Since Tuesday night, many lefty pundits have been mostly (though not completely) distracted from President Trump by Roy Moore’s win in Alabama’s Republican U.S. Senate primary. Their message: Just when you thought the GOP had hit bottom, the bottom dropped out. Two especially noteworthy commentaries came from Esquire’s Charles Pierce and New York’s Jonathan Chait.
Pierce called Moore a “lawless theocratic lunatic” and asserted, “Moore is an extremist or the word no longer has meaning. If, as appears likely, he gets elected…then a majority of Alabama voters are extremists, too. If he gets elected, then the Republican Party ever more should be referred to as an extremist party. That, of course, is if we’re being honest about what’s really going on in this country in 2017.”
As for those who voted for Moore, Pierce declared (bolding added):
I don’t have to “respect their beliefs”…If you think that Roy Moore belongs in the Senate, then you are a half-bright goober whose understanding of American government and basic civics probably stops at the left side of your AM radio dial…You are killing democracy and you don’t know it or care. If you had any real Christian charity in your hearts, you’d keep Roy Moore in the locked ward of your local politics and not loose him on a nation that deserves so much better than him.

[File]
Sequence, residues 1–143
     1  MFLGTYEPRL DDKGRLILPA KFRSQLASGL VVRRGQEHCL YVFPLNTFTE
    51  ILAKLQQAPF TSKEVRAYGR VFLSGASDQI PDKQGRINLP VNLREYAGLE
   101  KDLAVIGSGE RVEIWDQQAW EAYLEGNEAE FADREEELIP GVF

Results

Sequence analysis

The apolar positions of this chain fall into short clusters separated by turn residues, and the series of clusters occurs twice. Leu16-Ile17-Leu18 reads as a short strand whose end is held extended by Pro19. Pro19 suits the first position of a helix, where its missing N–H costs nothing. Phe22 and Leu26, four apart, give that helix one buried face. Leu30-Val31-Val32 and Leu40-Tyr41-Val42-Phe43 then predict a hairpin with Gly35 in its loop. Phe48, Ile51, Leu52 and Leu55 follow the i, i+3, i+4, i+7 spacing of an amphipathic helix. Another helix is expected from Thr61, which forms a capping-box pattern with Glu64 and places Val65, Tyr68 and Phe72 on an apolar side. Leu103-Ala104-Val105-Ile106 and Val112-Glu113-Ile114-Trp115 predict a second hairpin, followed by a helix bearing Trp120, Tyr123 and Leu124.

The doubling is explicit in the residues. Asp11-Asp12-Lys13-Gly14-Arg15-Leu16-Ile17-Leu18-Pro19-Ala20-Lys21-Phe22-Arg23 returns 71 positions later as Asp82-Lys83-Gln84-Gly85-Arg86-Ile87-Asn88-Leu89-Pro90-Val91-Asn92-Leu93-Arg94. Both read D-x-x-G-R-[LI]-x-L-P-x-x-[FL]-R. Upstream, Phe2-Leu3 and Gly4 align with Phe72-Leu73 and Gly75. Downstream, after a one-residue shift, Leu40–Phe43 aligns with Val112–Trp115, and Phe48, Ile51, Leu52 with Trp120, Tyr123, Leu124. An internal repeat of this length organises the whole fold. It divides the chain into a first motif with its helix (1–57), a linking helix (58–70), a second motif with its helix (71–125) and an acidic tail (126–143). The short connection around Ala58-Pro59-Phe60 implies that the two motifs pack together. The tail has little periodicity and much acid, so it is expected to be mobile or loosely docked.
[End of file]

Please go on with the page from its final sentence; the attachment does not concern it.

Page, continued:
…I don’t have to “respect their beliefs” because the U.S. Senate to which they are preparing to send him is in the process of screwing them with their pants on and they could care less.
Meanwhile, Chait opined, Alabama Republicans could have hit what amounted to a reset button, but didn’t:
[The primary] offered the party a chance to reconsider whether the prospect of supporting the team, and the incrementally higher prospects of enacting some tax cuts and social spending rollbacks, is worth the cost of elevating a dangerously unhinged demagogue for public office. The entire party, without any apparent hesitation, is leaping at the chance to make the same deal again.
…[Moore] is an insurrectionist [who] considers a certain brand of theological Christianity to be the sole legitimate legal authority of the United States. He has used his public office to openly defy the country’s actual legal authority. A functioning conservative party would consider respect for law and order a threshold question. Instead, Republicans have dismissed it as a mere inconvenience…
To the extent that Moore has alarmed Republicans in Washington, their concerns have mostly focused on the possibility that Democrats will use some of his craziest statements as weapons against other candidates. They have not indicated any special concern about the long-term dangers of elevating a public servant who sees the Constitution (the actual one, not the alternative theocratic version) as an impediment to white Christian rule…
It is perfectly apparent that a Moore victory will encourage more far-right activity within the party…The only strategy the party establishment has even considered in response to this extremist movement is to placate the extremists.